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Old October 2, 2016   #1
oakley
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Default Need pepper help...WWYD?

I've not grow peppers in years. I do try every year and just get sacked for reasons like not enough hot weather, too damp, short growing season, cut worms, etc.

This year three plants did really well for me. And stopped at some farm stands in my area the past few weeks, bought some interesting peppers, saved seeds.

Last week i was out on LongIsland NY and picked up three pepper plants loaded with fruit in tiny 4 inch pots...i picked the ripe ones and roasted with onions and garlic, pureed a sauce and into the freezer in small packets. (i'll use in soups and salsa all winter)

The plants are still loaded. I've read all the postings about what to do. I'm thinking i should re-pot in gallon grow bags and try to over-winter. On the kitchen deck for now with a few micro tom experiments for another month, harvest, then into the garage with my fig tree?...or keep them in a sunny spot to continue growing indoors all winter?

Pic is the three plants purchased and pics of some of my harvest and some purchased at farm stands. The larger medium sized red is one of the best sweet peppers i have ever had. Dark and thick/heavy for its size. Saved seeds.
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Old October 2, 2016   #2
dmforcier
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I think it depends on how much sun they will get during the winter. Short days and lots of overcast will make the production slow way down. If you think they will get enough sun, then pot up. Otherwise, I suggest that you trim them back and leave in the small pots for the winter.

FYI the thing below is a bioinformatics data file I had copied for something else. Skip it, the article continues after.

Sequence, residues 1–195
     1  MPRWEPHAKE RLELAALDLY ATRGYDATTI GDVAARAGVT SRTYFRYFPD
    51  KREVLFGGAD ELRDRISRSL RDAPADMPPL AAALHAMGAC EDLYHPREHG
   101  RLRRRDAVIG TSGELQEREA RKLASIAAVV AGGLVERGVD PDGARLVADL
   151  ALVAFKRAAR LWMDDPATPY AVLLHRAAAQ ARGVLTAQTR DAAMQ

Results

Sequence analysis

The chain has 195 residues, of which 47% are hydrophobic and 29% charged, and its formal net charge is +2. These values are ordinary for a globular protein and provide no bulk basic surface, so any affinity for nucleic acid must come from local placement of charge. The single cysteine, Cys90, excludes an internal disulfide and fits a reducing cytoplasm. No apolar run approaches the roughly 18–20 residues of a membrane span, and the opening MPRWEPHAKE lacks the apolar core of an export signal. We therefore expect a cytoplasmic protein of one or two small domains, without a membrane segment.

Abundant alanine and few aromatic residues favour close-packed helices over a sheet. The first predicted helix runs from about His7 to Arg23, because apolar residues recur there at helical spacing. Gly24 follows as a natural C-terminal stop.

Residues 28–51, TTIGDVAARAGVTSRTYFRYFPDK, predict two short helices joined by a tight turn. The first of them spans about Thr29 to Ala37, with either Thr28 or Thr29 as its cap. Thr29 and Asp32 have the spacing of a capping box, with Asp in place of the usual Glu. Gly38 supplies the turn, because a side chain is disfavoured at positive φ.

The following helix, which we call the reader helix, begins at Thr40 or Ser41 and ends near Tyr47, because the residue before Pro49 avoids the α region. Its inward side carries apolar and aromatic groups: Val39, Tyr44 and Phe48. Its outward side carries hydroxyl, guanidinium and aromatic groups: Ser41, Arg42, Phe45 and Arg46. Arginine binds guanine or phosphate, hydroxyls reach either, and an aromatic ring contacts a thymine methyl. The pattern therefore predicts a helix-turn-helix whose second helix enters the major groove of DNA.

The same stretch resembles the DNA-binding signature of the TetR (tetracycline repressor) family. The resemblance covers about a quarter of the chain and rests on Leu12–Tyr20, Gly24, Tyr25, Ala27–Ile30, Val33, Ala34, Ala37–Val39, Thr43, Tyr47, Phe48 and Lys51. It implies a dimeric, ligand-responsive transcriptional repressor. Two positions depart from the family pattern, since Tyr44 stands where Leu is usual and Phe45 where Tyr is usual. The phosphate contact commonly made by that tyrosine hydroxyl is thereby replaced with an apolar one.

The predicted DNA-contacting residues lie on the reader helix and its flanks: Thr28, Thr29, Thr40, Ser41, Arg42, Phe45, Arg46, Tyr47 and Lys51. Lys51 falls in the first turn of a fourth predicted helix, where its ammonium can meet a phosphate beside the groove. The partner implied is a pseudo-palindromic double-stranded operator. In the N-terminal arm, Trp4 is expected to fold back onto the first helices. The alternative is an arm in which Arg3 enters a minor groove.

Be careful not to let them stay wet.
Peppers take much less water in the winter. Let them tell you when they want water.
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Old October 2, 2016   #3
brownrexx
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Are you sure that the peppers that you purchased at the farm stands are not hybrids? If so, saving seeds may not give you plants that produce peppers like the ones that you bought.
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Old October 2, 2016   #4
oakley
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Quote:
Originally Posted by brownrexx View Post
Are you sure that the peppers that you purchased at the farm stands are not hybrids? If so, saving seeds may not give you plants that produce peppers like the ones that you bought.
yes, i think i need to pay attention to that...i have good seed from Artisan and others that should get more attention than what i found locally...
I'll just ry and keep these alive through the winter so i have, maybe, a head start nest spring....
So new to me having a much linger growing season with so much heat and hot weather.

I just read about keeping peppers alive in suspended cold and re-vived in the spring...
I'll just do a NorthEast version of just that. Trial like i do with so many other plants...
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Old October 2, 2016   #5